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Why Humanities Majors Make the Best Employees

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Malavika Jagannathan

Malavika is a Seattle-based reporter who likes words and coffee in equal measure. Over the last decade she’s worn a lot of professional hats, from newspaper reporter to retail copywriter.


iStock_000045247510_Small-2.jpgLook at any study that compares degrees to postgraduation earnings — and you’ll be hard-pressed to find English literature or history listed among the top 10 majors.

For example, there’s PayScale’s 2014 college salary report, in which mathematics, various engineering degrees, physics, and computer sciences easily top the list. In comparison, most of the humanities majors rank fairly low, with elementary education and social work among the lowest-paid majors.

Are Humanities Majors Truly Unemployable?

collaborative study from The Conference Board, Corporate Voices for Working Families, the Partnership for 21st Century Skills, and the Society for Human Resource Management offers a few insights into the skills that employers say they’re looking for.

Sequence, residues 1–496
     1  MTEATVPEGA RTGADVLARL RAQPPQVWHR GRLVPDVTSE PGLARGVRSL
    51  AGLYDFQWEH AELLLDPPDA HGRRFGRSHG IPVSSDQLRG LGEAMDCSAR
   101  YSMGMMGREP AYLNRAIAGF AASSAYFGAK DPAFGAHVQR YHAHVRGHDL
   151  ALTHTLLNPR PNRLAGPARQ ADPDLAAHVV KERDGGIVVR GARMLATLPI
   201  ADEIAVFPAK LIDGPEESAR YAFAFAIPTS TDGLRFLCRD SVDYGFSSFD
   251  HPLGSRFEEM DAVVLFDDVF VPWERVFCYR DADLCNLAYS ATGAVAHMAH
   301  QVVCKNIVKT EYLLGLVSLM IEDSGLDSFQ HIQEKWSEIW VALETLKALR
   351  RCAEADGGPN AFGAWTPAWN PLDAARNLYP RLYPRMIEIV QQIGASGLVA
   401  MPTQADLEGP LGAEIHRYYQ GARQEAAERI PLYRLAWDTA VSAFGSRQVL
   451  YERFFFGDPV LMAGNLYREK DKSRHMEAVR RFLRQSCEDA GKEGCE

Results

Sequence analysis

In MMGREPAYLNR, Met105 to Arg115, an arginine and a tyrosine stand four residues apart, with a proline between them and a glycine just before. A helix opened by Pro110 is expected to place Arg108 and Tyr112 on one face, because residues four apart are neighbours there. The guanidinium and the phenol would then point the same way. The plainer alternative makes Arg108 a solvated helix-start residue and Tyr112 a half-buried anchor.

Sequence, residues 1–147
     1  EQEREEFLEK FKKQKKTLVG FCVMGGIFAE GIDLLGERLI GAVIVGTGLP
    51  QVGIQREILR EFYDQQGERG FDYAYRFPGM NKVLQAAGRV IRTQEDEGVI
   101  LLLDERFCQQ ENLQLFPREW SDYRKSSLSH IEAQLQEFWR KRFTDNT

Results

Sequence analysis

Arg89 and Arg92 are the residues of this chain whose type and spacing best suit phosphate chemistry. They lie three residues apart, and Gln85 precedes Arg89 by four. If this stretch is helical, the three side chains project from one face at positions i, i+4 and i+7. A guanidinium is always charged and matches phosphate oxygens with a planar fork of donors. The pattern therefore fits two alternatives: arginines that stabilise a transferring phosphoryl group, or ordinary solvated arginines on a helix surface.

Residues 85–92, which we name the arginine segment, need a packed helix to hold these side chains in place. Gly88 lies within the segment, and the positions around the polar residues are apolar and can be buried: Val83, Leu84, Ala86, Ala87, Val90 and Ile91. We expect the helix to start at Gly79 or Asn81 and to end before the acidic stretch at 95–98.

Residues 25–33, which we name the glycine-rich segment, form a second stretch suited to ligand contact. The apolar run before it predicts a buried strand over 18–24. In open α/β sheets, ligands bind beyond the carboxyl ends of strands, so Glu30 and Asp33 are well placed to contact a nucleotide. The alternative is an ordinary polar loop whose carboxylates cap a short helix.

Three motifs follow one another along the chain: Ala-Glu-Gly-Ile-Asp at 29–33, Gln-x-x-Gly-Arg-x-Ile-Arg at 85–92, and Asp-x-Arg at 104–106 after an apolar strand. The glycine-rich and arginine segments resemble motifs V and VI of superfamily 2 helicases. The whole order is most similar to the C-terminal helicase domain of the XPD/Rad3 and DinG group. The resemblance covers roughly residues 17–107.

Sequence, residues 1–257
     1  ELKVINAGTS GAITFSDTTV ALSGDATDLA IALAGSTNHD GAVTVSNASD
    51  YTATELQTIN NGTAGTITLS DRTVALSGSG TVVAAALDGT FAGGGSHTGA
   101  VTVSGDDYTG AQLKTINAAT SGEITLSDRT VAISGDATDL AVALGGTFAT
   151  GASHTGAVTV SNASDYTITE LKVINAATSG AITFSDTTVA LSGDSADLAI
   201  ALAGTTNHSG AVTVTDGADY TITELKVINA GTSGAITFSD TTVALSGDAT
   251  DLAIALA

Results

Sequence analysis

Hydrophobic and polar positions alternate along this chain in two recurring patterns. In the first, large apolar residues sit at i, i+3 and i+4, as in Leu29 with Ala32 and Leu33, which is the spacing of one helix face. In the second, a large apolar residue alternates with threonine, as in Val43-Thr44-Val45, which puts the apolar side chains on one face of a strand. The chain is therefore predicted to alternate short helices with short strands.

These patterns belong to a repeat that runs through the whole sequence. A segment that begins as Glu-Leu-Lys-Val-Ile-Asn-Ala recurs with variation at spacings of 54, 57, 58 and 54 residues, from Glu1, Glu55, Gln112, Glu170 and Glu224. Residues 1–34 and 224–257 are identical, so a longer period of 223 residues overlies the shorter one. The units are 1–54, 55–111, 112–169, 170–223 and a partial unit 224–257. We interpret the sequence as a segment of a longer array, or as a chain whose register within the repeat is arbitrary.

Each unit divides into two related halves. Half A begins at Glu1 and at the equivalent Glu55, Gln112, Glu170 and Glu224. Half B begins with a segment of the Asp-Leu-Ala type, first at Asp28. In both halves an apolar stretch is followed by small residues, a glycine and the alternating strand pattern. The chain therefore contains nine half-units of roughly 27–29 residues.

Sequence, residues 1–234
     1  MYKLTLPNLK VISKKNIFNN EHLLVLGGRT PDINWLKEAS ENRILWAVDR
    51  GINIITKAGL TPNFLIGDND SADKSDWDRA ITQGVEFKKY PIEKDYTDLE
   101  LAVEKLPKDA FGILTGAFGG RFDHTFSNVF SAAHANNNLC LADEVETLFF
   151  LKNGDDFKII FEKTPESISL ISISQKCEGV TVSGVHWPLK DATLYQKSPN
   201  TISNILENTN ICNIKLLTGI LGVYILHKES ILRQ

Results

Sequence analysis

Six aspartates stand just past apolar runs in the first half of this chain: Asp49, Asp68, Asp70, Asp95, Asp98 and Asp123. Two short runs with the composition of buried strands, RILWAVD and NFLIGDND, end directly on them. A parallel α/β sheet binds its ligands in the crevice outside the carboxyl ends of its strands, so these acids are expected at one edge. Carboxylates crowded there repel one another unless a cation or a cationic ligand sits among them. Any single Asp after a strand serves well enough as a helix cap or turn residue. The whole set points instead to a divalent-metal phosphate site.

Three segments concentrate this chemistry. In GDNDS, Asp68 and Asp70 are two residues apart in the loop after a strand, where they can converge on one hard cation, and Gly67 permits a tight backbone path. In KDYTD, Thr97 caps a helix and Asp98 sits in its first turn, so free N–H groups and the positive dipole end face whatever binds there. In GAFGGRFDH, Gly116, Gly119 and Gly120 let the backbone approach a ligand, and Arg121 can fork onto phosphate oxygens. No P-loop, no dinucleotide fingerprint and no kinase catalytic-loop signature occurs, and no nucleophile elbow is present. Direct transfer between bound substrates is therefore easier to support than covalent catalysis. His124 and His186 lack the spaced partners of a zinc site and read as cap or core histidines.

A majority of employer respondents in that survey said reading comprehension and English language skills were “very important” for job success for new employees, regardless of education level.

When it came to what employers considered applied skills — or skills that enable employees to put their learned knowledge into practice in the workplace — professionalism, communications, teamwork, and critical thinking ranked highest.

Real-World Skills Learned in Humanities Courses

These are all skills that students learn in the course of studying English, history, philosophy, foreign languages, and other humanities subjects. Here are the best real-world skills you receive in a humanities degree, which are also highly sought after by employers:

1. Communication

Think about this every time you receive a badly written email, sit through a poorly constructed presentation, or have an awkward conversation with a colleague. Communication is a vital skill in the modern workplace — and humanities majors have an edge on the STEM majors in this department.